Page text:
Sunday, January 21, 2007

The Part That Never Comes Home

I wasn't friends with Marta Mejia when it happened.

I had seen her around the halls of my high school -- occasionally noticing the inexhaustible energy she expended as she bounded to and from class; casually glancing at the perpetual smile which seemed to be glued to her cherubic face -- the kind of sweetly adorable and completely approachable look that guaranteed a constant flock of friends and admirers; the same look that guaranteed no small measure of aloof avoidance from a cynical and detatched teen delinquent like myself. As far as I was concerned, Marta and I may as well have been from different planets. I felt this way despite knowing almost nothing about her beyond what I could gather from pressing past her on the way to Algebra: I knew she was cute; I had heard that her mother drove one of the mini-buses that ferried students to and from school; I had seen her recently celebrating a fourteenth birthday. Beyond that, nothing. She was just another kid.

That is, until the night of November 28th, 1984.

It would be somewhere around two years later that I'd find myself lying face-down on my bed, clutching a pillow, crying in a way I never thought possible -- feeling more pain, anger and helplessness than I believed my young life had the capacity to contain. I'd try to grasp what it's like to go to sleep one night and wake up to find that everything you love, everything you are, has been utterly obliterated. I'd want to know why a young girl who deserved a lifetime of happiness instead awoke one morning to a frightening, alien existence -- a treacherous shadow world, spawned by a few hours of infinite madness and violence. I'd want to know how someone finds a way back to the light -- back to life. To this day, many of those questions remain unanswered.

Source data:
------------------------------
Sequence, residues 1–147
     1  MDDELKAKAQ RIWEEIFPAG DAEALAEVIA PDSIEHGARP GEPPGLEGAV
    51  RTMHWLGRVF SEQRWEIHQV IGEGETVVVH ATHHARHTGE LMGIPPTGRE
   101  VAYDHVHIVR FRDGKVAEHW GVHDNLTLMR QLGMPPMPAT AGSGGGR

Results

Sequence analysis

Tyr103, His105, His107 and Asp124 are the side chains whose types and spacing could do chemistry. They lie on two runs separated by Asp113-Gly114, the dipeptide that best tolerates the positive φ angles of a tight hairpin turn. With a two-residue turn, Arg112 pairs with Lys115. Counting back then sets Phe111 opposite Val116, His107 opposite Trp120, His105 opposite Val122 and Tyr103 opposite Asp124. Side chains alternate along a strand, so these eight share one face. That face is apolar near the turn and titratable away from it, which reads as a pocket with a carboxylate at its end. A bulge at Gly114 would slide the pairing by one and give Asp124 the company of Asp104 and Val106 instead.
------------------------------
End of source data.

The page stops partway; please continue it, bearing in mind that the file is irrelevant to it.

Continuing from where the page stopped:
By the time Marta laid out her clothes for the following school-day, kissed her stepfather good-night and tucked herself into bed on the night of November 28th 1984-- her mother was already dead. No one's sure how long Jose Mejia, Marta's father, had been stalking his ex-wife, Estilita Mejia Kossakowski -- but on that night whatever rage and obsession had been building inside of him finally exploded into unfathomable violence. Police say he grabbed Estilita outside of the bank where she worked part-time, drove her to a remote part of North Miami-Dade County and shot her with a .357 Magnum -- over and over again. He then drove to the home Estilita shared with her children and new husband, Ronald Kossakowski. He knocked on the door. When Kossakowski opened it, he was shot three times. Police say he was dead before he hit the floor. Jose Mejia's final act was to drive to a parking lot and put a single bullet into his own head.

Next to him on the passenger's seat: binoculars, extra ammunition -- and a crucifix.

The following morning Marta jolted up in bed, realizing that she had overslept. She ran out into the living room to ask why her stepfather hadn't woken her as usual. She found his body lying in a lake of blood -- the front door still open.

When the police arrived, they pieced together what had happened -- connected the bodies like dots across the northern part of the county -- and gave Marta and her seventeen-year-old sister Ana the harrowing news: everyone was gone; there was no one left but them.